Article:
But there is a different lens through which to view these purchases, one that few U.S. observers consider in their analyses. Within the context of Taiwan’s hyper-partisan political and media environment, Taiwanese leaders’ defense priorities make a perverse sort of sense….
The Taiwanese are isolated on the international stage, not officially recognized by any of their most critical economic and defense partners, and constantly subjected to a crippling Chinese propaganda campaign designed to undermine public confidence in Taiwan’s diplomatic standing and military strength. As a result, any international incident—anything that could be seen to diminish Taiwan’s position in the world—is an opportunity to score political points against the party in power.
Consider Taiwan’s competition with China for official diplomatic recognition. Whether small countries officially recognize Taiwan has no material effect on the country’s economy or security. The impact is psychological and political. When El Salvador severed ties with Taipei in 2018 and transferred recognition to Beijing, a spokesperson for the Kuomintang (KMT), the main opposition party in Taiwan, accused the ruling Democratic Progressive Party of cultivating disaster: “The DPP must take full responsibility for Taiwan’s isolation and apologize to our people,” the spokesperson thundered. “I would like to personally ask Tsai Ing-wen: Just where is it you are leading the Republic of China to?”
Military mistakes trigger similar media firestorms. One scandal began in 2016, when an antiship missile was accidentally launched at a Taiwanese fishing boat, killing its captain. Within a day, KMT spokesmen were calling the incident a “national security crisis” and demanding that Tsai cancel her planned trip to the United States. Tsai shifted the blame downward, accusing the military of “utter contempt of discipline and a complete lack of competency.” The subsequent media bonanza followed the normal Taiwanese pattern, with forced apologies up and down the Taiwanese chain of command providing fodder for days of outrage on Taiwanese television.
This is the context in which Taiwanese procurement strategy must be understood. Taiwanese leaders have a powerful political incentive to raise Taiwan’s stature on the international stage and publicly resist Chinese attempts to cut it away from its allies. Similarly, they are incentivized to show that under their leadership, the Taiwanese military remains a world-class fighting force. Purchasing fancy military equipment makes little strategic sense, but it accomplishes both of these objectives.
In an anonymous interview, one DPP official told me why he believed the purchase of the tanks was so important: “The purchase is a signal that the DPP can lead on defense. It will give the people more confidence that we are not being outclassed by the Chinese. And most important, that Tsai’s good relationship with the Americans is the reason for that.” A senior official interviewed by a Center for Security Policy Studies research team justified Taiwanese requests for F-35 fighter jets, rather than less expensive drones, with similar logic: “You can’t create a hero pilot of a UAV.” The CSPS team concluded that for most of the Taiwanese officials they interviewed, “buying advanced aircraft from the United States was at least as much about assuring the public as it was about improving war-fighting capability.”
This is especially important given Taiwan’s lack of a formal alliance with the United States. For Taiwanese leaders, weapons sales are one of the few metrics available to judge the U.S. commitment to their cause. Taiwanese leaders can trumpet their purchase of American-made weapons systems as something their party has done to raise Taiwan’s international stature. A tank or fighter jet is prized not for its practical utility but its symbolic value.
While this frustrates me, I cannot say I particularly blame the Taiwanese leaders for doing what they need to do to stay in power. It is important for Americans to understand that no number of op-eds or think tank presentations will change their behavior. Incentives matter more here than ideas do. If Washington wants Taiwan to take its defense more seriously, than it needs to change the incentives Taipei politicians and generals face.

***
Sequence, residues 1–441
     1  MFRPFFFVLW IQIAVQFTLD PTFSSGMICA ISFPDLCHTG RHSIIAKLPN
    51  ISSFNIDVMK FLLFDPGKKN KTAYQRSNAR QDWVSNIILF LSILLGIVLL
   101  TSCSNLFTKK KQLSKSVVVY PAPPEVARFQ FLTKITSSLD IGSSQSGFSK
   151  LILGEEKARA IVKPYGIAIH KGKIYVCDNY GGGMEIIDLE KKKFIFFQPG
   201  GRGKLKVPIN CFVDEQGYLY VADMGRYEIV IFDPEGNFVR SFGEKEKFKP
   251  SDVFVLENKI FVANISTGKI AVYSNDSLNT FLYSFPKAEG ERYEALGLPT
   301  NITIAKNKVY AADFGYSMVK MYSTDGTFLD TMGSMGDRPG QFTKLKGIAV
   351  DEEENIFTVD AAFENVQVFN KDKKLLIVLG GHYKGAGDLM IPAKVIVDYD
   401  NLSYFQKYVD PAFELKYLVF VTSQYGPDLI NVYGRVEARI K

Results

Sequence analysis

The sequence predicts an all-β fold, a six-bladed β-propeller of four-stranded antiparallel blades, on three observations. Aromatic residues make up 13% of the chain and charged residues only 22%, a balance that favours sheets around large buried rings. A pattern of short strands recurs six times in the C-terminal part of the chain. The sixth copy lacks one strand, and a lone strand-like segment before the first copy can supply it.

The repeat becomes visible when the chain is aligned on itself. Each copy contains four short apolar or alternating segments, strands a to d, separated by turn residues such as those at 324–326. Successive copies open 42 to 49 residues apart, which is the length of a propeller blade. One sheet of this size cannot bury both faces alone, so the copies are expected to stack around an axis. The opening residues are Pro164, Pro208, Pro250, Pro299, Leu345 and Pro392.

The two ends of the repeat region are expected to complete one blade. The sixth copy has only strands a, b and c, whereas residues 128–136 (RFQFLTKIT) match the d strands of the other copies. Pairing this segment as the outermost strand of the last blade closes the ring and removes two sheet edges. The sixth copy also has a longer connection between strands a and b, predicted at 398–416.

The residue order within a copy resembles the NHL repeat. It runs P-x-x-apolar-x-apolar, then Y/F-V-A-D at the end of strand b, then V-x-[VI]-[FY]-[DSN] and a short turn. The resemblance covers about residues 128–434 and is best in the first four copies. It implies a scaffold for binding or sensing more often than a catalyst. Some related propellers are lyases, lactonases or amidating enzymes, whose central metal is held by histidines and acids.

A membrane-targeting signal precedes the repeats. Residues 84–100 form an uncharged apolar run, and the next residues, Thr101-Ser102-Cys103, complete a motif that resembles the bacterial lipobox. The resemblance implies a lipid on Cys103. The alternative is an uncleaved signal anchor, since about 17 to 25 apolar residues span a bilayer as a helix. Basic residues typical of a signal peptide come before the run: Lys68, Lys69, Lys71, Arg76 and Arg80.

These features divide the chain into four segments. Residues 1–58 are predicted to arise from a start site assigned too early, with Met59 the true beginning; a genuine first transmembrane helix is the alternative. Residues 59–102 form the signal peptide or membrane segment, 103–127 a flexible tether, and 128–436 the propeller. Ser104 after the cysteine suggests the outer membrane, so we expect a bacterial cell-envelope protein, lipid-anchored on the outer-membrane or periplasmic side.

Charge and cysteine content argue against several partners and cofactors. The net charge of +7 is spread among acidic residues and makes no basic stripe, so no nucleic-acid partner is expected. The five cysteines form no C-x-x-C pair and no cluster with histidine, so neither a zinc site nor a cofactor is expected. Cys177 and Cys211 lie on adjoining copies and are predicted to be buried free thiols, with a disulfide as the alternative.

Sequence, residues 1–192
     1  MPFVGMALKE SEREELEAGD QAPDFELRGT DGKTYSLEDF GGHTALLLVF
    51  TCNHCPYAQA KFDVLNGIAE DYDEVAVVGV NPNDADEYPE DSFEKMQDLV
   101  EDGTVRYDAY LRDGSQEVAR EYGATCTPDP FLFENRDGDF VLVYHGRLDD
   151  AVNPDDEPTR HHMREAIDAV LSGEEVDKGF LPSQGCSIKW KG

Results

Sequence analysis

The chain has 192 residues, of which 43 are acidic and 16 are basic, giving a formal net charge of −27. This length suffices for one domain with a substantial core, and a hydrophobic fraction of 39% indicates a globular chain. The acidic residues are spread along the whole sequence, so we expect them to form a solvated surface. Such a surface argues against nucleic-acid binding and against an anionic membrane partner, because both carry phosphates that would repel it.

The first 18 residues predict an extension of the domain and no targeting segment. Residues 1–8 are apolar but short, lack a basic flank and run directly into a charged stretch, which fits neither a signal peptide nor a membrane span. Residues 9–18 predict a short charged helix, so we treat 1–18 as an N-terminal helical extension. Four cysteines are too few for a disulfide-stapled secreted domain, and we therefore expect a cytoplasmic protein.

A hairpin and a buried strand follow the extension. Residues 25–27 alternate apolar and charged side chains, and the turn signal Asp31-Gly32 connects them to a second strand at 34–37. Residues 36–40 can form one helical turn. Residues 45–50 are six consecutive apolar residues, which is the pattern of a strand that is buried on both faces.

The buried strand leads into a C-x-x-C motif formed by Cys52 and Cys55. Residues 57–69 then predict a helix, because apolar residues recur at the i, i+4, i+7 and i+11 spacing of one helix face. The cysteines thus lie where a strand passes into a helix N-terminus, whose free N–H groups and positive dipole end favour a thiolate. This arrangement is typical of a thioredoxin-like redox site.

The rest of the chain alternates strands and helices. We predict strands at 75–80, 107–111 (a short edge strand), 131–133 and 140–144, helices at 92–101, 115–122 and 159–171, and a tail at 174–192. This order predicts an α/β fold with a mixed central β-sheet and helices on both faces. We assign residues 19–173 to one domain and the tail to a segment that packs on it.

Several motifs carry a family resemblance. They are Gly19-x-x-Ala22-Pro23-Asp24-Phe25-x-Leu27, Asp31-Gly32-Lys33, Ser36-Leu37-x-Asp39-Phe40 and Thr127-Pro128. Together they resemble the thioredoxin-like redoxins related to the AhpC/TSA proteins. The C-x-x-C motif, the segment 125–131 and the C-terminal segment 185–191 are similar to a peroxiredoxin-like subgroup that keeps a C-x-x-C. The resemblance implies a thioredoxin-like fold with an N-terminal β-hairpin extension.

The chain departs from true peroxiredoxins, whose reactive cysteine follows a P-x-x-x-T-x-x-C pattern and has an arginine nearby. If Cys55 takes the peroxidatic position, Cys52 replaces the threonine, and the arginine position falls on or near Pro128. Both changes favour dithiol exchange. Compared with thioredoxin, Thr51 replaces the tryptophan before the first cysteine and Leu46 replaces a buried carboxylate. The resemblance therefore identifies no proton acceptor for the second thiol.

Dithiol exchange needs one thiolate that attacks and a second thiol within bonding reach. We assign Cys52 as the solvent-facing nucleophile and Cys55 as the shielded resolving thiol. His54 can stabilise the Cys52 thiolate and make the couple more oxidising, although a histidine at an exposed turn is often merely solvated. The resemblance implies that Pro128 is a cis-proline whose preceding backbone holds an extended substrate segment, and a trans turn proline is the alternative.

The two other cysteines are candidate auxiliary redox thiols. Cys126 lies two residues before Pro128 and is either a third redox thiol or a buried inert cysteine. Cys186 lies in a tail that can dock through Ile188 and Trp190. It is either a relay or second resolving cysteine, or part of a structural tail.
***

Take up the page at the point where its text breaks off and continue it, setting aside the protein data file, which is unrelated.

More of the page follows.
There are lots of ways to do this. In this piece I suggest just one. Joint military training:
The easiest way to do this would be to channel the Taiwanese desires for prestige away from procurement and toward military training. The U.S. Department of Defense should establish joint military exercises with the Taiwanese air force, army, and navy. These exercises should be regular, well publicized, and at least initially, held on U.S. soil.
You can read the full piece to see some of the examples of the kind of joint training exercises we might invite the Taiwanese to. Inviting Taiwanese units—and importantly, it must be full units, not individuals—to join training exercises would give military leaders the face they need, politicians the signs of American commitment they crave, and would allow us to train these soldiers in the sort of fighting the ROC Armed Forces actually need. Joint training would be the sort of symbolic boost Taiwan needs—and having attained it, Taiwanese leaders may be less inclined to waste their nation’s resources on symbolic weapon purchases that will do them little good once war begins.
 This strand of thought began in 2008 with William S. Murray’s article, “Revisiting Taiwan’s Defense Strategy,” Naval War College Review, Vol. 61, no 3 (Summer 2008). Several dozen reports, testimonies, op-eds, etc. have been written on the same theme since then. For a selection of recent examples, see J. Michael Cole, “How Taiwan Can Defend Its Coastline Against China,” The National Interest (30 June 2019); Colin Carrol and Rebecca Friedman Lissner, “Forget the Subs: What Taipei Can Learn From Tehran About Asymetric Defense,” War on the Rocks (6 April 2019); Drew Thompson, “Hope on the Horizon: Taiwan’s Radical New Defense Concept,” War on the Rocks (2 October 2018); Michael A. Hunzeker, Alexander Lanoszka, Brian Davis, Matthew Fay, Erik Goepner, Joseph Petrucelli and Erica Seng-White. A Question of Time: Enhancing Taiwan’s Conventional Deterrence Posture (Arlington, VA: Center for Security Policy Studies, 2018), pp. 63-105; Michael Bekely, “The Emerging Military Balance in East Asia: How China’s Neighbors Can Check Chinese Naval Expansion,” International Security, vol 42 , iss 2 (2017) pp.78-119; Ian Easton, Mark Stokes, Cortez A. Cooper III, Arthur Chan, Transformation of Taiwan’s Reserve Force (Santa Monica: RAND, 2017), pp. 55-59; Michael J. Lostumbo, David R. Frelinger, James Williams, Barry Wilson, Air Defense Options for Taiwan: An Assessment of Relative Costs and Operational Benefits (Santa Monica: RAND, 2016), 73-91.
 Tanner Greer, “Taiwan’s Defense Strategy Doesn’t Make Military Sense,” Foreign Affairs (17 September 2019).
 It is not yet clear whether these weapons were launched from Yemen or from Iran. But whether Houthis or Revolutionary Guards fired these weapons, Iran was clearly their original source.
 Greer, “Taiwan’s Defense Strategy,”